This letter writer wants to take a gap year before med school but is worried about being older than their classmates.
Our elder helps them overcome their “age consciousness”.
I’m a 19-year-old student who moved to Canada about a year ago with my family. I already had a high school certificate but schools here wouldn’t accept that so I had to go back to grade 12. I finished that and applied to university for a science degree. One university in the city where I live didn’t take me because of the low average, however a university in a different city about three hours away took me in so I decided to pay up the deposit and move cities. In the meantime, I thought a lot about taking a gap year but couldn’t convince myself as I am 19 years old already and was a year older than I should’ve been to start university and would be even older by the time I become a doctor. I’m very age conscious.
Now that I’ve moved cities and started university, I don’t feel like it was the right decision and that I should just go back, wait for a year, improve my grades and go to uni in my hometown. Know that my family is not in the financial situation to afford me living in a different city and studying also. I feel I can do so much more if I take a year off and live a little but at the same time since I’ve already moved out and changed cities, I feel like I should just focus on my studies and get my degree and not worry about anything else.
I am honored to be the Elder answering your letter today. I hope that I can give you an independent perspective which may help you with your decision.
I do understand your concern about your age in comparison to your classmates. You may be worried that you won’t be able to find friends or others with similar interests, but I don’t believe that age will matter as much as just reaching out to others and finding out who has common interests with you. You may also feel that med schools will not be interested in an older student. But, becoming a doctor is a long process, as you already know. I think when you get to medical school you will find that not everyone there has gone down the expected path (uni for four years, then med school) either. Not everyone gets into med school on their first try, or some are taking time off before med school to work in the field to get practical experience or get a second bachelor’s degree. So, I hope you can minimize this “age consciousness” and eliminate that from your decision.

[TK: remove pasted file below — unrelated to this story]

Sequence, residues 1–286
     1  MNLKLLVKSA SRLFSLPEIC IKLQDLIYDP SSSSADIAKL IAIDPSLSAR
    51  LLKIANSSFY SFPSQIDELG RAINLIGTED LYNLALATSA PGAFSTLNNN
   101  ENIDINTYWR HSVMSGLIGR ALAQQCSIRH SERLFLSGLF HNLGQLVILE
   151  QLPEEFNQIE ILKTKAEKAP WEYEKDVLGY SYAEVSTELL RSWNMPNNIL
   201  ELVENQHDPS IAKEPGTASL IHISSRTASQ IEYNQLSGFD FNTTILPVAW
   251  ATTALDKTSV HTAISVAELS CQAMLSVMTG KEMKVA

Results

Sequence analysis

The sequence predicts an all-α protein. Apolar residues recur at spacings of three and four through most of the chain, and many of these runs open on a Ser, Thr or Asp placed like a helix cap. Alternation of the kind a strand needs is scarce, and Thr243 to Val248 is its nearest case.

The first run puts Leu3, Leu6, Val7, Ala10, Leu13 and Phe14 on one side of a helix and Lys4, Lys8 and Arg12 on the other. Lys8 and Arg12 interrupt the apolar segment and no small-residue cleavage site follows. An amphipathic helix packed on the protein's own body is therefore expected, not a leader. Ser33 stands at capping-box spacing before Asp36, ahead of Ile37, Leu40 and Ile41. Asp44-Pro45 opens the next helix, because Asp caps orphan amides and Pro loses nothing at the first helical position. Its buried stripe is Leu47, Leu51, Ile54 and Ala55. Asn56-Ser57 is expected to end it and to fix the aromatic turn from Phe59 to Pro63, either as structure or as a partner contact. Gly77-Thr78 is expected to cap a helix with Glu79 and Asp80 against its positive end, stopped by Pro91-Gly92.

We Elders answer many letters from your peers about this worry of career indecision – it is completely normal to have doubts because you are thinking that there is only one path to the final goal. If you can wrap your mind around the fact that you have years and various ways to reach those goals, you can be relieved of a lot of this stress and make better choices for yourself based on what is happening in your life now.
You know yourself better than anyone. What do you believe at this moment would allow you to be more successful in reaching your goal? If you are realistic, does your current financial situation play a large part in adding to your stress and making it difficult to justify your choice? Do you think that taking a year off from school, moving home, and working in a place where you could get practical medical experience might help solidify your commitment to becoming a doctor? Or will you feel more confident and be more successful if you continue where you have started (without regard to your age)? What path do you feel would be the best at this time to achieve a successful undergrad experience, so that you have choices for the next step whatever it may be? Try to eliminate the feeling that there is a wrong decision – there is only a right decision based on what you know about yourself and what you need to happen to see a way forward. You can do it.
Trust yourself, and it will all work out, I promise. I congratulate you on wanting to become a medical doctor – it’s not an easy journey for anyone. The better prepared, both mentally and emotionally, you are, the more likely you will succeed. Whatever contributes to that preparation is valuable – perhaps that consideration might be useful in making your choices going forward. Choose what feels supportive of you and your dreams.
Best wishes to you on the path that you choose. Be well and take care.